Liter



[lee-ter] /ˈli tər/

noun
1.
a unit of capacity redefined in 1964 by a reduction of 28 parts in a million to be exactly equal to one cubic decimeter. It is equivalent to 1.0567 U.S. liquid quarts and is equal to the volume of one kilogram of distilled water at 4°C.
Abbreviation: l.
[lahyt] /laɪt/
adjective
1.
an informal, simplified spelling of 2 (defs 12, 13), used especially in labeling or advertising commercial products:
lite beer.
noun
2.
2 (def 36).
/ˈliːtə/
noun
1.
the US spelling of litre
/laɪt/
adjective
1.
(of food and drink) containing few calories or little alcohol or fat
2.
denoting a more restrained or less extreme version of a person or thing: reggae lite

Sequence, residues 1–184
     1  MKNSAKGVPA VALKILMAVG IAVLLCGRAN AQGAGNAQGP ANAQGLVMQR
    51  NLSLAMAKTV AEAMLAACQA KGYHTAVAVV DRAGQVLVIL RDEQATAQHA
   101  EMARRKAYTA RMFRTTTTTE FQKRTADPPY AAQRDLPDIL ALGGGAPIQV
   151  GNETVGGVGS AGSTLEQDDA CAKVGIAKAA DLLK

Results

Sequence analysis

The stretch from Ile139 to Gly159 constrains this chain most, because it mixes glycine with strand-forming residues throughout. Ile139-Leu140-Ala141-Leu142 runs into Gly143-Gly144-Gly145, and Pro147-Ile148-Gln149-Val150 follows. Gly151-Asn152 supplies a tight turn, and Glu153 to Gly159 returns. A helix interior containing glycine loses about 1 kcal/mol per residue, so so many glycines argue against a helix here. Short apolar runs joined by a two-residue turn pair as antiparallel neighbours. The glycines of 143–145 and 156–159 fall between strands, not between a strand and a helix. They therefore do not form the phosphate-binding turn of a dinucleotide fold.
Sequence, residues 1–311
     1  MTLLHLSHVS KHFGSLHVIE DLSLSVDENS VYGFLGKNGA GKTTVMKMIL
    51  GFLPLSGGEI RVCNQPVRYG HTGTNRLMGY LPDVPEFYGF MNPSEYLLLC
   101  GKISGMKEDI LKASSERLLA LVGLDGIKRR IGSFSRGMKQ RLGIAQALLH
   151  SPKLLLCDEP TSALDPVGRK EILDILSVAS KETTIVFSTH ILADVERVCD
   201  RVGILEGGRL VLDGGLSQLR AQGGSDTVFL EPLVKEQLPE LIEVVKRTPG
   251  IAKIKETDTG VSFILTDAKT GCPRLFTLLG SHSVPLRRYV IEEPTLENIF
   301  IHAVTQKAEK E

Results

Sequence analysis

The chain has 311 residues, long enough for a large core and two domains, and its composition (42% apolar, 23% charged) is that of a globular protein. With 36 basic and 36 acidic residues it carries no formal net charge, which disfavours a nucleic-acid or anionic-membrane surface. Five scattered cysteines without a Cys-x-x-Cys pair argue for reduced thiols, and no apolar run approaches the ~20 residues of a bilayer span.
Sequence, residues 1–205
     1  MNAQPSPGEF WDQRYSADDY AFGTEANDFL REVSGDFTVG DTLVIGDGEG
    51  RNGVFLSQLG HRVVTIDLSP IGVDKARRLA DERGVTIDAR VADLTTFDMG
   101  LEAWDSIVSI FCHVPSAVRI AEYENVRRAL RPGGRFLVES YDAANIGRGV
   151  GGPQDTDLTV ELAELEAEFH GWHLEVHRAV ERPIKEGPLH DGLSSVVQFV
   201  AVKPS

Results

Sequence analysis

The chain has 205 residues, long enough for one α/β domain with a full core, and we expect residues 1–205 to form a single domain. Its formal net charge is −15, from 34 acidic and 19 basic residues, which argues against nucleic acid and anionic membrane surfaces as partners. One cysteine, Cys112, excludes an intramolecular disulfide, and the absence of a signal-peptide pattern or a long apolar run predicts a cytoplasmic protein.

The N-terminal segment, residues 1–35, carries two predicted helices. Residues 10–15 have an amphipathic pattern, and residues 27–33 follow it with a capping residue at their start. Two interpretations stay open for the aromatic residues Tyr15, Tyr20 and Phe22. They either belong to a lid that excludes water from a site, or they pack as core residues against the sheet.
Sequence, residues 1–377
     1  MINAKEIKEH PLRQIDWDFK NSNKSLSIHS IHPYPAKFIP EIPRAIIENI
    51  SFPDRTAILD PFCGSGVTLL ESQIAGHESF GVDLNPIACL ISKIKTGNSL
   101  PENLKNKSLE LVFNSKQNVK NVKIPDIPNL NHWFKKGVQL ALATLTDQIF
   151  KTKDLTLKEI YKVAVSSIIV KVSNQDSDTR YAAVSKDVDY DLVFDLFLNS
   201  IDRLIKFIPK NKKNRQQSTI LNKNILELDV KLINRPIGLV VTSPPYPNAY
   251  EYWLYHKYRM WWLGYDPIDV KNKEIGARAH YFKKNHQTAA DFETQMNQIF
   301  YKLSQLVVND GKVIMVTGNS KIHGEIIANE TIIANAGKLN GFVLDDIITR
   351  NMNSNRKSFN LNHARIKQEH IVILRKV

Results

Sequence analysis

n.

1797, from French litre (1793), from litron, obsolete French measure of capacity for grain, from Medieval Latin litra, from Greek litra “pound,” apparently from the same Sicilian Italic source as Latin libra.
adj.

alternative spelling of light (adj.1), by 1962. Used from at least 1917 in product names, often as a variation of light (n.).

The word Adjusto-Lite for portable electric lamps was opposed by the user of a trade mark Auto-lite registered before the date of use claimed by the applicant. [“The Trade-Mark Reporter,” 1922]

liter li·ter (lē’tər)
n.
Abbr. L, l
A unit of volume equal to 1000 cubic centimeters or or 1 cubic decimeter (1.0567 quarts).
liter
(lē’tər)

adjective

Not serious; not scholarly; watered down; popularized: there’s myth lite apres Joseph Campbell, Pinkola Estes, etc

[1980s+; fr the misspelling of light used to identify less fattening, less intoxicating, etc, products, esp beer]

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